And He said to them, ‘O foolish men and slow of heart to believe in all that the prophets have spoken! Was it not necessary for the Christ to suffer these things and to enter into His glory?’ Then beginning with Moses and with all the prophets, He explained to them the things concerning Himself in all the Scriptures. And they approached the village where they were going, and He acted as though He was going farther. But they urged Him, saying, ‘Stay with us, for it is getting toward evening, and the day is now nearly over.’ So He went in to stay with them.

When He had reclined at the table with them, He took the bread and blessed it, and breaking it, He began giving it to them. Then their eyes were opened and they recognized Him; and He vanished from their sight. They said to one another, ‘Were not our hearts burning within us while He was speaking to us on the road, while He was explaining the Scriptures to us?’ And they got up that very hour and returned to Jerusalem, and found gathered together the eleven and those who were with them, saying, ‘The Lord has really risen and has appeared to Simon.’ They began to relate their experiences on the road and how He was recognized by them in the breaking of bread” (Luke 24:13-35).

This occasion was one of the post-resurrection appearances of Jesus. Interestingly, even though these men were disciples, they did not recognize the Lord at first. Let us consider some points from this.Continue Reading

Monthly News Roundup (06.24.21)

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Plain Bible Teaching Podcast

This is the last episode for the month of June – time for our monthly news roundup. In this episode, we’ll be talking about the number of Americans who are reading the Bible, the Department of Education and transgender students, and the effects of the pandemic on our emotional well-being.Continue Reading

I.B. Grubbs’ Six Rules of Biblical Hermeneutics

I.B. Grubbs, rejecting legalism

When it comes to studying the Bible, it is common for people to come away with their own understanding of the word of God. Many see nothing wrong with this, despite the varied and sometimes conflicting interpretations people have of the Scriptures. However, when Paul wrote to the brethren in Ephesus, he said, “By referring to this, when you read you can understand my insight into the mystery of Christ” (Ephesians 3:4). He did not expect each of them to have their interpretation of the epistle he wrote by inspiration. Instead, he expected them to have the same understanding as he did. The only way this could happen is for each one to follow a common set of principles as they try to determine the meaning of a particular passage under consideration.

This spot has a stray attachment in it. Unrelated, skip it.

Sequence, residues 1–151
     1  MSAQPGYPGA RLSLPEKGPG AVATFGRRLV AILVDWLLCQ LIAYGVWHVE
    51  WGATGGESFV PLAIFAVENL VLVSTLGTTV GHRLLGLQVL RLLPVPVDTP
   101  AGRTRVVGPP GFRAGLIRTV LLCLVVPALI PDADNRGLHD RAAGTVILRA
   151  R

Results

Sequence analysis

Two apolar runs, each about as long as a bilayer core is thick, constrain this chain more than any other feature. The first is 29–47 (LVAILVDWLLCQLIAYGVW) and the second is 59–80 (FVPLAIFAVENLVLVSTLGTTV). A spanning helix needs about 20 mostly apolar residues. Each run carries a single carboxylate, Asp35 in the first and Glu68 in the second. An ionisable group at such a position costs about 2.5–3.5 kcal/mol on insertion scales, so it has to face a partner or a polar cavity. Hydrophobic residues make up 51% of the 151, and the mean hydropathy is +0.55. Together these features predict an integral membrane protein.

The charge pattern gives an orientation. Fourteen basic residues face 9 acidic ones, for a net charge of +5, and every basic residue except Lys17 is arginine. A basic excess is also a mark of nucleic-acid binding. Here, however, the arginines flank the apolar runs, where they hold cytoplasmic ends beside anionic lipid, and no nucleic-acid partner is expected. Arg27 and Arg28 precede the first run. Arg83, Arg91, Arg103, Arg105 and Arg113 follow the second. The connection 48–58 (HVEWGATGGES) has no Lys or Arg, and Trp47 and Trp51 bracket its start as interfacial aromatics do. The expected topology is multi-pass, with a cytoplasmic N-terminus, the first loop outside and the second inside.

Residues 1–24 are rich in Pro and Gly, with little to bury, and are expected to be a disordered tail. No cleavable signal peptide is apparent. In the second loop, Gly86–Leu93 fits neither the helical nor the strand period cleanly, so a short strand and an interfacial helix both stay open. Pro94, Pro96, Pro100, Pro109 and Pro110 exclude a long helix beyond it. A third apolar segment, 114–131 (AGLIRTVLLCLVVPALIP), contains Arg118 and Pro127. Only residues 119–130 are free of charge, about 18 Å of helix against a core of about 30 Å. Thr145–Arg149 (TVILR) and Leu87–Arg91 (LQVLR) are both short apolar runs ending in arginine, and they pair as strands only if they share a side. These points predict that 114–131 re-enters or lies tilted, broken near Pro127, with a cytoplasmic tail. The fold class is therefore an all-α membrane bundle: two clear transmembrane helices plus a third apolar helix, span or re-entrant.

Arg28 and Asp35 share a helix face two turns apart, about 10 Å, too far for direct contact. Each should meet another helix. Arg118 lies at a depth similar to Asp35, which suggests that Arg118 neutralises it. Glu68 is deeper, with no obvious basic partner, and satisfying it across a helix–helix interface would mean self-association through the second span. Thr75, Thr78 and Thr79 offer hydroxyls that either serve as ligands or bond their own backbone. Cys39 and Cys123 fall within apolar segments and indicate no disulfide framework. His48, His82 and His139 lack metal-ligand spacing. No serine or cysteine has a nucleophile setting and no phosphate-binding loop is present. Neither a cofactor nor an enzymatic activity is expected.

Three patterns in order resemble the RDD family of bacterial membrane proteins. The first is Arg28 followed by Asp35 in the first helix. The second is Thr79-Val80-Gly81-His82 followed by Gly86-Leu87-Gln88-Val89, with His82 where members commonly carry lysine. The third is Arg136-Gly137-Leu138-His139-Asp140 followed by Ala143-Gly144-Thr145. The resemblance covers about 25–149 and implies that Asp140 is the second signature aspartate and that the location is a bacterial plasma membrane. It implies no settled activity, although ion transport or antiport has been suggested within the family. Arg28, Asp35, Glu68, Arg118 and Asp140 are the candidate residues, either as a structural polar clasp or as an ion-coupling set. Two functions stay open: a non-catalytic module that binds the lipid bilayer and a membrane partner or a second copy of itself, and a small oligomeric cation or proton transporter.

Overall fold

Isaiah Boone Grubbs (1833-1912) was a preacher and also a professor at the College of the Bible in Lexington, KY at the end of the nineteenth century and into the early part of the twentieth century. In the introduction to his material on the epistles of First and Second Corinthians and Galatians,* he outlined six hermeneutical rules that would allow students of the Bible to properly interpret the text. (Hermeneutics simply means “the study of the methodological principles of interpretation (as of the Bible).”**) These principles are not unique to Bible study; rather, they are the same principles that can be used to correctly identify the meaning behind any body of instruction or teaching.

So let us briefly consider these six rules for Biblical hermeneutics.Continue Reading

Monthly News Roundup (06.03.21)

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Plain Bible Teaching Podcast

We missed the last episode for the month of May, so we’re doing our monthly news roundup here. In this episode, we’ll be talking about a denomination’s first transgender bishop, assisted suicide, and the number of people who prefer either a print or digital version of the Bible.Continue Reading

Chinese Government Removing Bible Apps (05.20.21)

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Plain Bible Teaching Podcast

This week we’re going to be talking about the Bible app on your phone. Many of us have smartphones now and have one or more apps through which we can read the Bible on our phones. This is very convenient, and these apps have become quite popular. But what if these apps disappeared? We’re going to consider this in our episode today.Continue Reading